California’s Delete Act: What CIOs, CDOs, Businesses Need to KnowCalifornia’s Delete Act: What CIOs, CDOs, Businesses Need to Know
With passage of the Delete Act, data brokers now face some of the toughest requirements yet. But does the new law have teeth?
October 2, 2023
At a Glance
- The Delete Act seeks to add tough rules for data brokers.
- The law could reach companies outside the Golden State.
- Naysayers find the law too sweeping.
California’s Delete Act, a bill that targets data brokers and gives consumers power to have all their personal data deleted upon request, now just needs Gov. Gavin Newsom’s signature before Oct. 14 to become law – but how will the rules impact business outside the Golden State?
The Delete Act would fall under the California Privacy Rights Act (CPRA) and California Data Broker Law and is targeted specifically at data brokers, providing a robust set of guidelines and a registry for such data-collecting businesses. The law would give consumers power to delete information from every data broker registered in the state through a single verifiable request.
The bill says consumers can delete data by using a website that will be hosted by the California Privacy Protection Agency, which has a 2026 deadline to create the website. In 2026, data brokers registered with the state must process delete requests once a month and undergo third-party audits every three years starting in 2028. Brokers who don’t comply will face daily fines.
California’s law is not the first state law to target data brokers. Vermont, Texas, and Oregon all have laws creating broker registries. Vermont’s law has been in effect since 2019. California’s Data Broker law defines a data broker as “a business that knowingly collects and sells to third parties the personal information of a consumer with whom the business does not have a direct relationship.”
Impact Outside the Golden State
As the fifth largest economy in the world, California’s business regulations are far-reaching and influential for other states considering similar regulations. For organizations doing business in the state, knowing the laws and requirements will be crucial, experts say.
Chris Pierson, CEO of executive cybersecurity and privacy protection firm BlackCloak, said CIOs, CISOs and others in tech leadership roles need to consider implications -- not just those in the data broker business. “These professionals should be looking at and thinking about the attack surface for key individuals at their companies,” Pierson told InformationWeek in an interview. “How can you remove that information to decrease the attack surface for your executives?”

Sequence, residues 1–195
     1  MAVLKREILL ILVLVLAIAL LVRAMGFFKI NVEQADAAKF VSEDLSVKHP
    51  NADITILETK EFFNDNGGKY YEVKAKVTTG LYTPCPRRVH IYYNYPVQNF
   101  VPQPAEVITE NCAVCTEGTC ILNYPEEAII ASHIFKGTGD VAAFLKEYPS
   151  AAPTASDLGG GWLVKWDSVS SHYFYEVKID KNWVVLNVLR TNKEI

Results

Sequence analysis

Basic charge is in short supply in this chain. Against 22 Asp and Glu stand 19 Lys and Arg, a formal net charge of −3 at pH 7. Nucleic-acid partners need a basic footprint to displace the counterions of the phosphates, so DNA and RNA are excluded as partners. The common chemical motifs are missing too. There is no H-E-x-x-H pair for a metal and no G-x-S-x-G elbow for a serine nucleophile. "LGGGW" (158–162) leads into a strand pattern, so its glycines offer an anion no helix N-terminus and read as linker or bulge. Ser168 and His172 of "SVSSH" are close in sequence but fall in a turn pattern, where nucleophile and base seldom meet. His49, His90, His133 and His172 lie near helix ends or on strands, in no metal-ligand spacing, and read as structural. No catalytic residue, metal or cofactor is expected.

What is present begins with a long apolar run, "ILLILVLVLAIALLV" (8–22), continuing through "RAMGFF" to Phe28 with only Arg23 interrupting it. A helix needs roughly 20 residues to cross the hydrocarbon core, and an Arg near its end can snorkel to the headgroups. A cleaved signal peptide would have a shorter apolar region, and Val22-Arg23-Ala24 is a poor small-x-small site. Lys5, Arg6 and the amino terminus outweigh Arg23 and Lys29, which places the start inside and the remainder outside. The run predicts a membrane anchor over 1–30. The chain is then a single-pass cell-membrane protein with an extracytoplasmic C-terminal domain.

The second step, he said, “on the creative side, for the CIOs, CISOs, CFO, CTOs, are you utilizing data brokers that may fall under the rule this California law is posing? You have your two years to go ahead and build controls to decrease and limit risks.”
Data privacy efforts have mostly been led on a state level in the U.S., with several states creating their own regulations.
While there is a federal data privacy bill, the American Data Privacy Protection Act (ADPPA), the proposal is currently in US Congress limbo and chances for passage are unclear. ADPPA would instruct the Federal Trade Commission (FTC) to create a national registry of data brokers and create a “do not collect” mechanism for individuals to opt out of personal data collection.
At the federal level, the Consumer Financial Protection Bureau said it intends to regulate a broader swath of data brokers by expanding the number of companies subject to the Fair Credit Reporting Act.
Opponents Say Law's Scope Too Broad, Favors Big Businesses
According to Texas-based technology attorney Robert Scott, businesses “get a little bit nervous when government starts to take actions that look like heavy regulatory involvement and a slippery slope. Everybody agrees that data brokers should be regulated, but what’s the next level? Does it expand? Could any political party or group or jurisdiction point this at any various industries?”
The ad industry, data broker lobbying groups, and others have been fighting the bill.
Dan Smith, president and CEO of the Consumer Data Industry Association (CDIA), in a statement called the Delete Act “severely flawed.” The group is calling for a pause before Newsom signs the bill. “The bill undermines consumer fraud protections, hurts small businesses’ ability to compete, and solidifies the big platforms’ data dominance,” Smith said. “That could incentivize a cottage industry of groups to mislead consumers into paying for services they don’t understand.”
Privacy groups, on the other hand, have been supportive of the proposed law.
The Delete Act’s author, California State Senator Josh Becker, stands by the bill, in a press release said its passage “signals that California is taking seriously the need to empower consumers to control their own personal data from unknown third-party data brokers.”
BlackCloak’s Pierson thinks other states will enact similar laws to the Delete Act to rein in data brokers. That, he said, could spark more action at the federal level. “It’s the petri dish experiment -- they’ll say, ‘Let’s go ahead an see if this catches on like wildfire at the state level before we do anything federally.’”
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